Defined contribution plans are “here to stay,” but employers are increasing their share of contributions, according to Vanguard’s report, “Global Trends in DB and DC plans,” released last month.

More than half (57%) of the roughly 90 multinational companies responding to Vanguard’s survey expect the level of company contributions to their DC plans  to increase “somewhat,” and 14% expect them to increase “dramatically.”

“The initial shift from DB to DC meant that responsibility switched from employers to employees,” the authors wrote. “But there is growing recognition that there must be more of a shared responsibility around retirement outcomes, beginning with the level of DC plan contributions.”

A Forbes article on Thursday said that bigger employer contributions will lead to increasing 401(k) account balances and make it easier for employees to reach their target savings rate. However, employees “still need to do their part” and make sure they are also putting aside enough money in their retirement accounts so they won’t outlive their savings.

According to the Vanguard report, standardized, off-the-shelf target-date funds are the “default fund structure of choice” for DC plans, particularly for U.S. employers. Within those default funds, of all of the global respondents which relied on them, roughly 95% said they preferred their default funds to contain either all passive investments (38%) or a combination of active and passive investments (57%).

“A modern DC plan is emerging,” the authors wrote. “Features include some responsibility shifting back from employee to employer, better investment outcomes through improved plan design and investment options, and fee transparency helping to drive costs lower.”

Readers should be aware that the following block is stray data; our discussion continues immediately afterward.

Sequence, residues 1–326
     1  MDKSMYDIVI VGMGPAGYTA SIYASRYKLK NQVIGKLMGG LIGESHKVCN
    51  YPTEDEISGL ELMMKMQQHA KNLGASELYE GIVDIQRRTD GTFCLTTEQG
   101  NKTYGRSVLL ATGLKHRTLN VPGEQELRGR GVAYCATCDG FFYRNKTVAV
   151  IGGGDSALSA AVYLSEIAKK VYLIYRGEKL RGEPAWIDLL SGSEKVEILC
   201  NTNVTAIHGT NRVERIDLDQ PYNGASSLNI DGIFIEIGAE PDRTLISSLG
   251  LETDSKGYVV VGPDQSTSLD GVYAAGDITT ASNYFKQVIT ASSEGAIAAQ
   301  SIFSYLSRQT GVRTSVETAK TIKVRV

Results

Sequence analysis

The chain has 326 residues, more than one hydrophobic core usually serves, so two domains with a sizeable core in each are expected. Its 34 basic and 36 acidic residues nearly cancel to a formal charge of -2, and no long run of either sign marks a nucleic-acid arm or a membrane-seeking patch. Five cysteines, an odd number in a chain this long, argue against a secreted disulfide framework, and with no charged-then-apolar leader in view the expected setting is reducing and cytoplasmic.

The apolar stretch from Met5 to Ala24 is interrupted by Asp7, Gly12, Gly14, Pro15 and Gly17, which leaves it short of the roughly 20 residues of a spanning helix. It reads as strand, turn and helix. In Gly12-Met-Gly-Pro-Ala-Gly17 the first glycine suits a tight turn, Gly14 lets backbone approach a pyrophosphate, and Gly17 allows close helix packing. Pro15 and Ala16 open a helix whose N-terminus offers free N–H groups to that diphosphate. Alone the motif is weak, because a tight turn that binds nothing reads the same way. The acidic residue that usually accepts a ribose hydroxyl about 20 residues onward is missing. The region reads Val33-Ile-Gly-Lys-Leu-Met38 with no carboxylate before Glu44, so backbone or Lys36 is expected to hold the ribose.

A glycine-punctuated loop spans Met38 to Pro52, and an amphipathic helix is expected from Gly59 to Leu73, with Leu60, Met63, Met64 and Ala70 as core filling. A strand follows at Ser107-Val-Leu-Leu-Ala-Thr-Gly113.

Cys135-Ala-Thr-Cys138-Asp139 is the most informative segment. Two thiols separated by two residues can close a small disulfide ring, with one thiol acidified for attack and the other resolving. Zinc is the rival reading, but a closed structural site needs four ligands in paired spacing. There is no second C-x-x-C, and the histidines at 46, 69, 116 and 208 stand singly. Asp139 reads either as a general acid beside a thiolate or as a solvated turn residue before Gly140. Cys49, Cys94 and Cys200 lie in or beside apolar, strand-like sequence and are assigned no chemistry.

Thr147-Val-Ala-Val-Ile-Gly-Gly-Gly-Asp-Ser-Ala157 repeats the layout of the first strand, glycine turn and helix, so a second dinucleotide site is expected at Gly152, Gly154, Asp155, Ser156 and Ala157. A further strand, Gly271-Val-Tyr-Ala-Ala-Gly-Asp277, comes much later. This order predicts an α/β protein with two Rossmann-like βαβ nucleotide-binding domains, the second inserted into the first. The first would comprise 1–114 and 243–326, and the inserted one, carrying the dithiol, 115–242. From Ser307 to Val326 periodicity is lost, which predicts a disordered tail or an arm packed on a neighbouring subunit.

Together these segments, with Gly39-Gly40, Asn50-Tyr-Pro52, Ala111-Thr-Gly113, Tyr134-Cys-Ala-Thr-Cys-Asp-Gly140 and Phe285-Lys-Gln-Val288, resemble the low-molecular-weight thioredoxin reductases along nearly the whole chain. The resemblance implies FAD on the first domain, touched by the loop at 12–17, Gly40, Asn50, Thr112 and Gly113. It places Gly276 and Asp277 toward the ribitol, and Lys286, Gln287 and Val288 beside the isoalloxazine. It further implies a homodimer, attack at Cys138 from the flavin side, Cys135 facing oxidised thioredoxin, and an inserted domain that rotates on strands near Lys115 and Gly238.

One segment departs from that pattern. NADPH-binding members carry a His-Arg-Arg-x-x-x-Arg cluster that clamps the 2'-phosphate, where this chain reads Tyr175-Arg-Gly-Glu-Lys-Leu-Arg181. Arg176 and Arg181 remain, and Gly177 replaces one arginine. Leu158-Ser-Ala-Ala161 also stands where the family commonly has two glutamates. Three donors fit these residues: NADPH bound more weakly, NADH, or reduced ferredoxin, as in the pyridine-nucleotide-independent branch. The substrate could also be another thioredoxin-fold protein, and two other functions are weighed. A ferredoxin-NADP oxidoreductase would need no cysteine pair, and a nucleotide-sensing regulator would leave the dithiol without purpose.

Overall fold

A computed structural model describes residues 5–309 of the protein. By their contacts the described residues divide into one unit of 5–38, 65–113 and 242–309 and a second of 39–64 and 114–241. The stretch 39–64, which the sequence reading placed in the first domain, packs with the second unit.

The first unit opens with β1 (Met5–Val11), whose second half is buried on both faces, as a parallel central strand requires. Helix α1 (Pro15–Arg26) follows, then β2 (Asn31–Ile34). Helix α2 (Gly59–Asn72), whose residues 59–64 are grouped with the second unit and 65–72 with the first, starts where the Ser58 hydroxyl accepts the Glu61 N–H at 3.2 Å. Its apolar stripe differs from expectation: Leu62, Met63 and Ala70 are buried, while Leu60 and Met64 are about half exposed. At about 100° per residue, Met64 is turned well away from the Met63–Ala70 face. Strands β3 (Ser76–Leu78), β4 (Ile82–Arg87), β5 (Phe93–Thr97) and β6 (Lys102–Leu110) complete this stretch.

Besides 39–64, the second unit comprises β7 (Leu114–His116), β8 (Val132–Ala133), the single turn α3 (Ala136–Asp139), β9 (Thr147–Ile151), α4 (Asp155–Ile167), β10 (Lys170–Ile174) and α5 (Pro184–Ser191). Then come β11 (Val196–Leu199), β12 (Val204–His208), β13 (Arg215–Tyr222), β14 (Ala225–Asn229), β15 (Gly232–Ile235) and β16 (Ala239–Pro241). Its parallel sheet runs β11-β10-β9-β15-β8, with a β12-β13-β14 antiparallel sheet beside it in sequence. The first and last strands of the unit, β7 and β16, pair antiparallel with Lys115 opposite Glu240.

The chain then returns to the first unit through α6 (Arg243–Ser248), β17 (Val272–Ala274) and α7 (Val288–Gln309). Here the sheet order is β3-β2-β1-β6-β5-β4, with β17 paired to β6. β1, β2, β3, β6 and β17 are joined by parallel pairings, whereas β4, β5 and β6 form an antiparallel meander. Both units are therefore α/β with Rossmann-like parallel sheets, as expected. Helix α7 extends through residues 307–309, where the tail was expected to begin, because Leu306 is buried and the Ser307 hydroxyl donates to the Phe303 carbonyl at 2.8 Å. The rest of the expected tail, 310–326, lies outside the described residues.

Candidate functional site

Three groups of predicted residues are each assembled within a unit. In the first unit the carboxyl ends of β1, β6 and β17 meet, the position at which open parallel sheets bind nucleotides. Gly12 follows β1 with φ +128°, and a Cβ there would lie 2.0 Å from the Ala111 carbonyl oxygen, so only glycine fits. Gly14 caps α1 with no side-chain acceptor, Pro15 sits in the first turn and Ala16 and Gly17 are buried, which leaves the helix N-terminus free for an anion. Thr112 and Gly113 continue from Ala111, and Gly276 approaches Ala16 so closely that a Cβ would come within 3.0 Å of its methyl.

While the majority (64%) of global retirement plans are managed using a combination of local and corporate governance, multinational companies are increasingly adopting a more centralized approach to managing their retirement plans in multiple countries — causing friction with their local representatives’ “desire for more influence and decision-making authority,” according to the report.

On average four out of ten companies that do not currently manage their global retirement plans centrally expect to move to a more central approach in the next five years. Top company officials prefer centralization to simplify policy and plan structure, and to mitigate risk management concerns, but some obstacles preventing centralization include local market rules, regulations, and customs.

“Improving governance on a global basis takes time and requires healthy dialogue and the engagement of everyone involved,” the authors wrote. “The exact steps an organization takes will vary based on its culture, strategic objectives, and employee base. Companies should consider establishing a formal global governance policy.”

Featured image: Thinkstock

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